fbpx
Published in Economic Development
Randy Thelen Randy Thelen COURTESY PHOTO

West Michigan economy maintains growth despite labor woes, according to outlook

BY Thursday, December 09, 2021 10:50am

West Michigan’s economy remains strong heading for the end of 2021 with expectations for continued growth in 2022, according to a new outlook from The Right Place Inc.

Nearly eight out of 10 companies across an eight-county region reported higher sales in the last year while more than 60 percent of companies said they are expanding through new equipment, technology or growing the business, according to the economic development organization. The Right Place officials met with executives at 422 companies over the course of 2021.

“First and foremost, without question, we are growing,” The Right Place President and CEO Randy Thelen said this morning during an annual economic outlook. “It has been a very cloudy year. It continues to have some challenges, no question, on supply chain and other challenges facing us, but at the end of the day West Michigan has fought through this, we have grown, our companies remain very positive, they remain very resilient, and I expect a very strong 2022.”

Despite the economic difficulty of 2020 and the COVID-19 pandemic creating an “economic headwind that was too much to overcome,” The Right Place has been exceeding goals in a three-year strategic plan that runs through 2022, Thelen said.

Work by The Right Place contributed to 2,494 new and retained jobs and $397 million in new capital investment. The organization’s three-year goal involves creating or retaining 3,400 jobs and generating $500 million in new capital investment.

However, one big worry remains: The lower labor participation rate and worker shortage resulting from the pandemic.

“As we look forward, it really does come down to talent. It’s the consistently top-rated issue our companies share with us, Thelen said.

Nearly 60 percent of employers told The Right Place they have had recruitment challenges, Thelen said.

The region’s labor participation rate remains below pre-COVID levels, at 62.8 percent as of September, versus 66 percent in February 2020. That decline represents about 33,000 people who are no longer in the workforce.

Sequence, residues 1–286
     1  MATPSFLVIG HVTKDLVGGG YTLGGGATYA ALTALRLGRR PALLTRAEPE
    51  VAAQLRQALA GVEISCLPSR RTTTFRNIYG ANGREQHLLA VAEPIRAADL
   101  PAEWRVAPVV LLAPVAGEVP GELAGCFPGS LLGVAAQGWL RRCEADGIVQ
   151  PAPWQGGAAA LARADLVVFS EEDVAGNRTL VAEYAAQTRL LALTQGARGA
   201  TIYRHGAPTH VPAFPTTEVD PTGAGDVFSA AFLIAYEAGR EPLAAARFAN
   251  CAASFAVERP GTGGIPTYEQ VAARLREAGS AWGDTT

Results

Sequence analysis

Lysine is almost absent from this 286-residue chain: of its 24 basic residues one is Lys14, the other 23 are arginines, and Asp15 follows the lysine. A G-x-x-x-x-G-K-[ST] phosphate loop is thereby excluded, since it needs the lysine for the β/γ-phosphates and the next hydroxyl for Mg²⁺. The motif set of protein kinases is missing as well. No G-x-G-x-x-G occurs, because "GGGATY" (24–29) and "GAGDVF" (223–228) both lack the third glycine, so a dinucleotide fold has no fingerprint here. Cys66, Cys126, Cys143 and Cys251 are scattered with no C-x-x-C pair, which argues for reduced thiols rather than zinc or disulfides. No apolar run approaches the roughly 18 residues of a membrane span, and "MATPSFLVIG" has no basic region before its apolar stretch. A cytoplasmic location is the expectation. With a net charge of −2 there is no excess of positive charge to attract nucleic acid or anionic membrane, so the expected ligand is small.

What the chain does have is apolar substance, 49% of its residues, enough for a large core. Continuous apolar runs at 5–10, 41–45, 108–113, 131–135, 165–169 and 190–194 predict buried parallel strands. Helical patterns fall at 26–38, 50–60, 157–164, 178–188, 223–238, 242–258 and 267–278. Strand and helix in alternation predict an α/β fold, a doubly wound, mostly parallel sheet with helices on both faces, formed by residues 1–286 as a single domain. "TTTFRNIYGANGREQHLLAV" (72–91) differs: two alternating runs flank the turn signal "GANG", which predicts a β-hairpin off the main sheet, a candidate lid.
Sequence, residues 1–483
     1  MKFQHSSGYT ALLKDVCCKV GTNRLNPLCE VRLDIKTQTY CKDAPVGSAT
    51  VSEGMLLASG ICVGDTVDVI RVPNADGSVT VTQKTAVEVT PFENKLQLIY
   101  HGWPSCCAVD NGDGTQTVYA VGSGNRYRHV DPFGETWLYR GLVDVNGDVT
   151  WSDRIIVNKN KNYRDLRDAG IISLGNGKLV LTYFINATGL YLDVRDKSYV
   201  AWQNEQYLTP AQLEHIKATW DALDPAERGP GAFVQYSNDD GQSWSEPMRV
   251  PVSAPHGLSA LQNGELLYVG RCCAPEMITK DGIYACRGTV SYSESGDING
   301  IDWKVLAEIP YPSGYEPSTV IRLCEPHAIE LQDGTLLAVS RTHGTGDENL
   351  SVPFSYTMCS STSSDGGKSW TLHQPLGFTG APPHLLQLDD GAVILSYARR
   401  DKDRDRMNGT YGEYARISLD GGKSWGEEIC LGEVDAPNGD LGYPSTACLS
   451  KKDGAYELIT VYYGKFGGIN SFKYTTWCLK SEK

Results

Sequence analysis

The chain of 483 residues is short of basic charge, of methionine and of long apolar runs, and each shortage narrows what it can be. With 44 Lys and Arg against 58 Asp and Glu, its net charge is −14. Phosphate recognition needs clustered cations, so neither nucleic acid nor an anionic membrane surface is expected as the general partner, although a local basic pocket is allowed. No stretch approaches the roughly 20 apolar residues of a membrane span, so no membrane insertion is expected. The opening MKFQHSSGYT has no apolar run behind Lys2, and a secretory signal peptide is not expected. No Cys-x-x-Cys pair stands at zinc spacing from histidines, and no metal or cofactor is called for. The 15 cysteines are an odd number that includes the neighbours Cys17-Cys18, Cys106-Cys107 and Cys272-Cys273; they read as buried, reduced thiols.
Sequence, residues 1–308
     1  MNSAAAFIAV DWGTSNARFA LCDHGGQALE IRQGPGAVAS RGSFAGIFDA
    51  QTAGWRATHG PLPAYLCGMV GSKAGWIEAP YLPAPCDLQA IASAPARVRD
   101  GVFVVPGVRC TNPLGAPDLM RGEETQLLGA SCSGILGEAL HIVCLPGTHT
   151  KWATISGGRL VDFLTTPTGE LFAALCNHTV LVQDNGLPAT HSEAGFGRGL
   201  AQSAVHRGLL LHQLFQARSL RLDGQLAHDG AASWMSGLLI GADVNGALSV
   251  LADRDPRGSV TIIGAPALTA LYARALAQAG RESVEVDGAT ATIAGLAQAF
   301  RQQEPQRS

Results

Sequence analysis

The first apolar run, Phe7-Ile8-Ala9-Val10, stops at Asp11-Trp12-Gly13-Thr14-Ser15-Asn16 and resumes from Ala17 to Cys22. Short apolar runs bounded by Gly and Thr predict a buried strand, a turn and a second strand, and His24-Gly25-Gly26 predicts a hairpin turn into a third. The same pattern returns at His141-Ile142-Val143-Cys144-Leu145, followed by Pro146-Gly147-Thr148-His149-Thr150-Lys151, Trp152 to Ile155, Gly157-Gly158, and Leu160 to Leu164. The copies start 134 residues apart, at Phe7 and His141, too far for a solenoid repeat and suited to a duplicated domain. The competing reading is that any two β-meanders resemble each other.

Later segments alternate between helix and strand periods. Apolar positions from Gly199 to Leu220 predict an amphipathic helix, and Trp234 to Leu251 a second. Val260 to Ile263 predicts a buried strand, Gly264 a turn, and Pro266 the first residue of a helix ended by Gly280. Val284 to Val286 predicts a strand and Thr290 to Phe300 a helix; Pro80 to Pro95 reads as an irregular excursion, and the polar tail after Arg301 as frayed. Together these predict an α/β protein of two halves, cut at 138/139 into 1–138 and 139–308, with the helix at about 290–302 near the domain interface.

“Our labor force is in a condition it’s never seen before, and our companies are struggling to find their way through,” Thelen said. “We know there are reasons people are not running back into work, but as companies make their decisions about where to grow, where to invest, we have that pool of people. Over the next several months and over all of 2022, frankly, we’re going to need to find ways to invite those folks back into the workforce and engage them.”

“The workforce is there,” he added. “We have to find a way to get them back.”

There are presently more than 51,000 job postings across the region, the highest number ever, Thelen said.

The labor shortage also led to more employers investing in employee training: 52 percent of companies reported doing so in 2021, compared to about 30 percent a year ago. The increased training investment “signals that they understand the labor market has shifted and they need to respond accordingly,” Thelen said.

‘Fly in the soup’

Statewide, the University of Michigan forecasts moderate growth of about 30,000 jobs per quarter in 2022, followed by 21,500 new jobs per quarter in 2023.

University of Michigan economists forecast national Real GDP to average 4 percent growth in 2022, and 3.1 percent growth in 2023. Real GDP should pick up after the first quarter as supply chains improve.

High inflation “is a bit of a problem. It’s sort of a fly in the soup, as someone would say, but mostly we’re in pretty good shape,” Don Grimes, a regional economic specialist at the University of Michigan, said in a presentation at The Right Place’s outlook.

Inflation that’s been running at 30-year highs to end 2021 should ease through next year, according to the university’s outlook that projects a 3.9-percent increase in core Consumer Price Index in 2022, and a 2.7 percent increase in 2023.

Despite the labor issue and higher inflation, “the current economic outlook and the current conditions are good,” Grimes said. “From an economic perspective, things are pretty rosy overall in the state and in the nation, and particularly in the Grand Rapid region.”

An aging workforce could make the present labor shortage more severe over the next decade, “so attracting workers, attracting people to live in this region and increasing their labor force participation rate … is really important,” Grimes said.

Read 1242 times Last modified on Friday, 10 December 2021 08:05
SUBSCRIBE TO MIBIZ TODAY FOR WEST MICHIGAN’S FINEST BUSINESS NEWS REPORTING >